|The Week That Was
February 13, 2020
Back in 2012 when I committed to blog daily via the Higher Education Administrator Diaries (HEAD) series, I figured initially that it might be a good way to share how everyday is truly unique for at least a vice-president of instruction. Over the course of that Fall semester, I supposed I proved it; however, by focusing each day on one specific topic, I believe I missed the chance to expose just how much whiplash, stomach ulcer, headache, and other pains said administrator can get in a week.
Take the last 7 work days, for instance. Over the course of that time, the following conversations or issues have consumed enough of my time as to be significant:
1) The running of a single Tae Kwan Do class. Recognize this is a 1-credit class that would not be required in any student's program. Apparently I might be introduced to a Grandmaster through all of this. Just telling you up front, if it ain't Grandmaster Flash, I ain't interested.
2) An illiterate grievance filed by a student about an instructor. O.k., this probably isn't that rare. Out of whatever respect I can muster, I refuse to provide specific examples of the illiteracy. Let's just say that wrong word usage has led to fish hook imagery. And I really ain't interested then.
3) A giant beach ball in our art gallery, actually as art in our art gallery. And it was interactive (guests are encouraged to touch the artwork). I will admit this was actually pretty cool, until someone bounced the ball and it hit the track of lighting that probably cost several thousand dollars for the gallery's recent renovation. I believe I felt my CFO's blood pressure raise on that one.
4) A conversation with a good friend/faculty member who I can't stop calling "skinny." He has lost a lot of weight and so we shared our mutual challenges of eating right/not eating right. I learned he has a grandson who brings him a cookie without being asked. There is hope that some of today's youth are being raised right.
5) A 55-email (and this is a conservative estimate) exchange dating back five weeks finally had its issue resolved today . . . kind of and not permanently. It involves something off campus and so email had to be the primary way to communicate. I could throw in a few phone calls too. All this did was solve a short-term issue; I now need to set up meetings to fix related issues longer-term.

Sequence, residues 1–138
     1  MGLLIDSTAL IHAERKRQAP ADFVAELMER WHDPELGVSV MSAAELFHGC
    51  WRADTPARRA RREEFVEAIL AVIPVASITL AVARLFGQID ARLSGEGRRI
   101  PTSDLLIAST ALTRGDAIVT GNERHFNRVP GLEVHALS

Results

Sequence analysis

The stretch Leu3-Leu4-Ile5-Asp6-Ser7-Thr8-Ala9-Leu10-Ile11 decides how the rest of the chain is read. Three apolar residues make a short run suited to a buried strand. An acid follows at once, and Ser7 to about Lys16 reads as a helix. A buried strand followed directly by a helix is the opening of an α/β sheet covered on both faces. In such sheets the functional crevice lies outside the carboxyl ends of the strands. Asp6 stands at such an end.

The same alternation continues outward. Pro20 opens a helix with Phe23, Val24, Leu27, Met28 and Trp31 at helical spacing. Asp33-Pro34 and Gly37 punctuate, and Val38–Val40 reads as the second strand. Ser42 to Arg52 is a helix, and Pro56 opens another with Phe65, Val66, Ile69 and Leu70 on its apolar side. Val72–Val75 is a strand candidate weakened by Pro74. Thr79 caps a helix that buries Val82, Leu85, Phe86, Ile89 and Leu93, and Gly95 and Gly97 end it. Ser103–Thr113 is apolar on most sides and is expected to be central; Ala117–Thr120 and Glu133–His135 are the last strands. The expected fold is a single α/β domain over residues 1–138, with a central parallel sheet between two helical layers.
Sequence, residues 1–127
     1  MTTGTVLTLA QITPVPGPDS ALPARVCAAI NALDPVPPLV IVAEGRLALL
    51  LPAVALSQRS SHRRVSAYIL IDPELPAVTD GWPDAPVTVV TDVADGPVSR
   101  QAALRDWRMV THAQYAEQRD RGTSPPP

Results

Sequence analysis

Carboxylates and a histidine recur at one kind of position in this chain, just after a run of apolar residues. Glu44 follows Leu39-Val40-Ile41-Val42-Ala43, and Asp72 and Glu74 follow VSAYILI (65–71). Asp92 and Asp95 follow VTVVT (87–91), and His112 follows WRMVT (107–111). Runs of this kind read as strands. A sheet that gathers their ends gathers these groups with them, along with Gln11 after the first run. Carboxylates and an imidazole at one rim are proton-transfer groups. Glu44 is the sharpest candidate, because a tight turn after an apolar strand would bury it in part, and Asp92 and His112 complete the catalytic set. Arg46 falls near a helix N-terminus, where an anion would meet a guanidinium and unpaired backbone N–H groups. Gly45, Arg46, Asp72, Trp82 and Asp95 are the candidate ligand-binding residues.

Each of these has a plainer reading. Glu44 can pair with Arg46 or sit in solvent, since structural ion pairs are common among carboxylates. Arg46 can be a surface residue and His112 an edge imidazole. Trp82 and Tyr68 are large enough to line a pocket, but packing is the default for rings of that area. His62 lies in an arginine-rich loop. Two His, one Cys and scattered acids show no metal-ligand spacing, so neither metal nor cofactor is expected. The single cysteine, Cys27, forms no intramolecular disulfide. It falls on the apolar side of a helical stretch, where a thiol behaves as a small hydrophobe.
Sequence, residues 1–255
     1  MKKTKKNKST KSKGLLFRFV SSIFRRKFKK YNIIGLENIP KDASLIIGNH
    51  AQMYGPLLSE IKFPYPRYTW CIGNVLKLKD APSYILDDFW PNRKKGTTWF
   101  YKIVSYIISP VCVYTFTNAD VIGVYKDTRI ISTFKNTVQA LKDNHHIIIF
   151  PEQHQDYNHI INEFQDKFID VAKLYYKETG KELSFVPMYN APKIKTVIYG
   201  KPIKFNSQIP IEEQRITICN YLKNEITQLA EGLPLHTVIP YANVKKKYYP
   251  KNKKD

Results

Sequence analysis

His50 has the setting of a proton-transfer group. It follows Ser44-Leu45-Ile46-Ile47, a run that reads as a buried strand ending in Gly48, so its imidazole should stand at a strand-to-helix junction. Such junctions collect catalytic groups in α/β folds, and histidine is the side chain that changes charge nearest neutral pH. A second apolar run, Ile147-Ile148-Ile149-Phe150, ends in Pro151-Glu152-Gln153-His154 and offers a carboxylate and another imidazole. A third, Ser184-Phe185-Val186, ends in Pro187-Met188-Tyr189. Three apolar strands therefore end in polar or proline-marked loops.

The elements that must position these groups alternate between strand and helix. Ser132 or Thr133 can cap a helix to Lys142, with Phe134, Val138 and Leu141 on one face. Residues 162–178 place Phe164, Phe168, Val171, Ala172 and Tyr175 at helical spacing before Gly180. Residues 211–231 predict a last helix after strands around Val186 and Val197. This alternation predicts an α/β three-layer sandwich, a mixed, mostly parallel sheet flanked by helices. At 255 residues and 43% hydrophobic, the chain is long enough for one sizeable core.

6) If you think that one was bad, on Wednesday I finally pinned down 30 very busy people for a statewide meeting of Community College Chief Academic Officers. Technically I didn't pin them all down; I got to where I had 17 people who could commit to a day for a meeting. That was more than half; 8 or so had never responded and waiting for them wouldn't have changed that. For anybody who thinks that "President" of such groups is primarily just a title thing, they clearly have never had to coordinate the meetings.
7) Absences for illness and travel difficulties dominate almost every morning the last week. I wish I could say that these scenarios involved our students, but it is the faculty. For the most part, we are having a mild winter, but the impact of occasional snow and all-too-frequent viruses are making it a wild winter.
8) I have been blind copied on so many ridiculous emails about transfer credit that I may gouge my eyes out. If I have to read one more time that a university's course is 300 level and thus can't possibly equate to our 200 level course, I may have to get a prescription for Xanax.
9) I have done my best to discourage multiple salespeople wanting to offer their products and services to help the college fix everything from our enrollment issues to our electronic storage issues to our procurement issues. Not sure there are any other ways I can say, "we aren't going to be able to do that at this point." However, the first guy who contacts me to say he has a service that can deal with our annoying sales rep issues has a contract signed in a (grandmaster) flash.
10) Right as I was leaving the office tonight, my administrative assistant took a call from a search firm who wants to see if I, or someone I know, might want to apply for a president's position at another Michigan Community College. "Yeah, right, like that turned out well for me in the past," says the guy serving as interim dean.
11) Back to the weather, all week I have seen beloved colleagues from several institutions ask via social media, in so many words, if it is wrong as higher ed faculty or administrators to wish for a snow day. It's a fun joke but when we wonder why non-academics have such scorn for academics, this kind of lax attitude toward doing our core job doesn't help.
12) I learned devastating news about someone's health this week. I respect his/her privacy and won't tell anyone, even those who might argue that legally they need to know. Out of all of these scenarios, this is the one hardest to reconcile personally.
13) The pressing matter of SMC's reaffirmation of accreditation, barely more than a year away, weighs on everything I do everyday. My emotions have peaks and valleys. Today, I had a peak; at 2:48 AM, I am sure it will valley.
Through all of this, I seem to still be a workaholic. Maybe that says all that is unsaid.